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Defector Aboard Russian Navy Corvette Set Fire to His Own Ship

An incendiary device goes off aboard Serpukhov, April 2024 (Ukrainian Directorate of Defense Intelligence)
An incendiary device goes off aboard Serpukhov, April 2024 (Ukrainian Directorate of Defense Intelligence)

Published Jul 3, 2024 10:18 PM by The Maritime Executive

 

A defector aboard the Russian Navy corvette Serpukhov helped Ukrainian forces stage an attack on his own vessel earlier this year, according to Ukraine's military intelligence service (GUR, or HUR). 

On April 7, the GUR claimed that a fire broke out aboard the corvette Serpukhov at Kaliningrad, the Russian port wedged between Poland and Lithuania. The Serpukhov is a Buyan-M class missile corvette, a small but heavily-armed vessel carrying up to eight antiship missiles and eight surface-to-air missiles. 

The Ukrainian spy agency released what appeared to be a schematic of the vessel's internal spaces and a brief video of an incendiary device going off. The GUR said that the Serpukhov sustained substantial damage from the fire, including the destruction of its communications and automation systems. (These claims have not been independently verified.) Serpukhov was put out of action for at least six months, the spy agency claims.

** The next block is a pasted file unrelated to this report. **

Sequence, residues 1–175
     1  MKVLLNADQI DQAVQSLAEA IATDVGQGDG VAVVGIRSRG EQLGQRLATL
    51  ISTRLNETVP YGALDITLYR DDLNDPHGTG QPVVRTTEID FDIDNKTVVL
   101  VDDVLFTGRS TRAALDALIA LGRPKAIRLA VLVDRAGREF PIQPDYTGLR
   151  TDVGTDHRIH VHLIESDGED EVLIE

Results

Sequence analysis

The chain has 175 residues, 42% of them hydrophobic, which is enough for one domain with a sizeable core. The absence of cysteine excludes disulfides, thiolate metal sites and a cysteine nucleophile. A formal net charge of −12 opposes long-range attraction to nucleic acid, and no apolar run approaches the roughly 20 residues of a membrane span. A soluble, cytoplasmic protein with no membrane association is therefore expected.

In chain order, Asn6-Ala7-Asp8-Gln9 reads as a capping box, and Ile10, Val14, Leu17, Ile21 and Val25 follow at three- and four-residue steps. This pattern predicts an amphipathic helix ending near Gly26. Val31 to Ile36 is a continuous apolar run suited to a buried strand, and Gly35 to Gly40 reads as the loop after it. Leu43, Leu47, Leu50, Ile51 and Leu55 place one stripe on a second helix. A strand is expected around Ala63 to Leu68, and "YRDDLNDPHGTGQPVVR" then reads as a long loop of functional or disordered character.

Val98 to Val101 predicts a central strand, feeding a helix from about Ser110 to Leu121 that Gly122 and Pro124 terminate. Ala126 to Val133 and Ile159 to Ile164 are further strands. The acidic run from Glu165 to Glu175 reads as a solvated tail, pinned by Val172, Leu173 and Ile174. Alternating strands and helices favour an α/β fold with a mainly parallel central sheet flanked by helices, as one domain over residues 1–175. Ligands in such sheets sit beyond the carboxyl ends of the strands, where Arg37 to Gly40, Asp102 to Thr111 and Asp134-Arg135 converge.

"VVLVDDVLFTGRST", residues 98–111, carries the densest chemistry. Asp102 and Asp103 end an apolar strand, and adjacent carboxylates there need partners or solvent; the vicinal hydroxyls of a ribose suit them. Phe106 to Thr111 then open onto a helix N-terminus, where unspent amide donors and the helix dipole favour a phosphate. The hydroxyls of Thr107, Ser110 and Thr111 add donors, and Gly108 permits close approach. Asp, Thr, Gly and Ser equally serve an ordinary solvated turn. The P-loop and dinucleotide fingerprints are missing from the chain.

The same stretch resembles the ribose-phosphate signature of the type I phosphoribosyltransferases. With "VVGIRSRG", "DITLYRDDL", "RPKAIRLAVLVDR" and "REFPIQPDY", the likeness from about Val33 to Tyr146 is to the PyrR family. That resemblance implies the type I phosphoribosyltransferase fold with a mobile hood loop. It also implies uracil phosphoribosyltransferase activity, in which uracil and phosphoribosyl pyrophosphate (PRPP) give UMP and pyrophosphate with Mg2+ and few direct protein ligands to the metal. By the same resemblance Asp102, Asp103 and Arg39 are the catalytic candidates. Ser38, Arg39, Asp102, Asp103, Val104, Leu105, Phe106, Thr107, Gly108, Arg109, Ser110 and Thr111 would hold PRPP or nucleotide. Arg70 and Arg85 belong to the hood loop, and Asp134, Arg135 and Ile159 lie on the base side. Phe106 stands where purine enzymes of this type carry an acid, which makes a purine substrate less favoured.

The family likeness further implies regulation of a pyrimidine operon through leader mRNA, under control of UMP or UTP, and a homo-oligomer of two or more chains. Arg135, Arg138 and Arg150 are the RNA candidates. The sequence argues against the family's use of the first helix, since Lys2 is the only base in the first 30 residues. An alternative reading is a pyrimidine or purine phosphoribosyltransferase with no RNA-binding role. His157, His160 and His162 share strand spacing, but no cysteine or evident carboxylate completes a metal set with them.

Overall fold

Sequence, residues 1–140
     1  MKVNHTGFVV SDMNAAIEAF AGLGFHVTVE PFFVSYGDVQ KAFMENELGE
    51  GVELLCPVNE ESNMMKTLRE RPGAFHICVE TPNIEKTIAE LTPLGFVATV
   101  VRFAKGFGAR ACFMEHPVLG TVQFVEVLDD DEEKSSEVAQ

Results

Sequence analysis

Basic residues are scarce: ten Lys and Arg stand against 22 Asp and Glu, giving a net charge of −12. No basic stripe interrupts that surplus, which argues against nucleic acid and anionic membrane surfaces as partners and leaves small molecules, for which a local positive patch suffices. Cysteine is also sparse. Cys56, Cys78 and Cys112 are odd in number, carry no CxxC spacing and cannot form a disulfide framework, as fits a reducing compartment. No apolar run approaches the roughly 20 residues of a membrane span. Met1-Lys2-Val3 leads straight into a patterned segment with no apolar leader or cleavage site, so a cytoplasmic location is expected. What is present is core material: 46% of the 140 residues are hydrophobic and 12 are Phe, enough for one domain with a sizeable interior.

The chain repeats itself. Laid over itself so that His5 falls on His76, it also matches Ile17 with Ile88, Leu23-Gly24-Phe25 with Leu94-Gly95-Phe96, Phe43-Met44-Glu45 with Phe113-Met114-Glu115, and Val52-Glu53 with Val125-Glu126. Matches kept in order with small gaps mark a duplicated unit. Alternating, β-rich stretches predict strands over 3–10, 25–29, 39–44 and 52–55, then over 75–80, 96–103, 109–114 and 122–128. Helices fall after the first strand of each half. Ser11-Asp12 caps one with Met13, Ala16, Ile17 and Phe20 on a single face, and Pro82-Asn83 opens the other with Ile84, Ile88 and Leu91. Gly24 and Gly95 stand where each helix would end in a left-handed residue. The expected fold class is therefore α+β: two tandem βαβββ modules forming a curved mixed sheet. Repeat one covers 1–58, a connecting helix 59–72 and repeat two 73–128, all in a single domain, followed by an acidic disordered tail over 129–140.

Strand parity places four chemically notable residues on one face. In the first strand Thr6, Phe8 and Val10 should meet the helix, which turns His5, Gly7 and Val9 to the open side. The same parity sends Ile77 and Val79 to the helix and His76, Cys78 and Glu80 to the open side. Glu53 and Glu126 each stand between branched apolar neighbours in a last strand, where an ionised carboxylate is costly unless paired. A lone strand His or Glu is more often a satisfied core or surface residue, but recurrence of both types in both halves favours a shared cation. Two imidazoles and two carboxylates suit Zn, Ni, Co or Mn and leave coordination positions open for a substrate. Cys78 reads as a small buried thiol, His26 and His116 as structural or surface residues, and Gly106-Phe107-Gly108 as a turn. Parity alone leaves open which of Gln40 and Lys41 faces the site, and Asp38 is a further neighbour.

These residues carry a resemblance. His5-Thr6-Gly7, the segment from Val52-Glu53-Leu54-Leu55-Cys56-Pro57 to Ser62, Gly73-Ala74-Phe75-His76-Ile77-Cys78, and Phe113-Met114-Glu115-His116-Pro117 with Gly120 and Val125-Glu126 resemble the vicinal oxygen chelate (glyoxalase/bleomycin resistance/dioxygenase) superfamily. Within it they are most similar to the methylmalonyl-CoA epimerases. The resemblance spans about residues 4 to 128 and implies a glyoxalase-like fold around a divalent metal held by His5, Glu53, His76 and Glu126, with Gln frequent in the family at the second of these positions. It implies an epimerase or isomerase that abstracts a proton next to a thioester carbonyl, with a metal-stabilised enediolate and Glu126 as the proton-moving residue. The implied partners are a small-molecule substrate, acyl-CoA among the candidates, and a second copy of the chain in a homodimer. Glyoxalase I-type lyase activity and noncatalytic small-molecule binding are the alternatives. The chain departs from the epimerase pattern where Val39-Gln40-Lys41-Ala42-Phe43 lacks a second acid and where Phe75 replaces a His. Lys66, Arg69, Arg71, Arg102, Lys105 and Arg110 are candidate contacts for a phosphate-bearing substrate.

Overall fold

At a recent press conference, GUR officer Andriy Yusov told Ukrainian media that this operation was carried out by a sympathetic Russian servicemember on board the ship. "This operation came as a shock to the enemy, and the FSB was furious," he said. 

The Russian sailor in question had revealed his moral doubts about the Russian invasion to his commanding officer, and had attempted to resign - only to be referred to a psychiatrist. "He thought that I was not normal if I went against the Russian authorities," the Russian defector - code name "Goga" - said at the press conference. After this, his CO sent his request to a prosecutor to decide if criminal charges were warranted.

"The prosecutor read the report on my dismissal, said that I could not do that, and that this was the first and last warning. And he let me go. No sanctions were applied to me. I continued to serve on my ship," he told Ukrinform. 

After his repeated attempts to leave the Russian Navy were turned down, he secretly joined a Ukrainian resistance movement, the "Freedom of Russia Legion." When the timing was right, he stole documents from aboard the Serpukhov, set fire to his own ship, and fled to Ukraine - where he remains.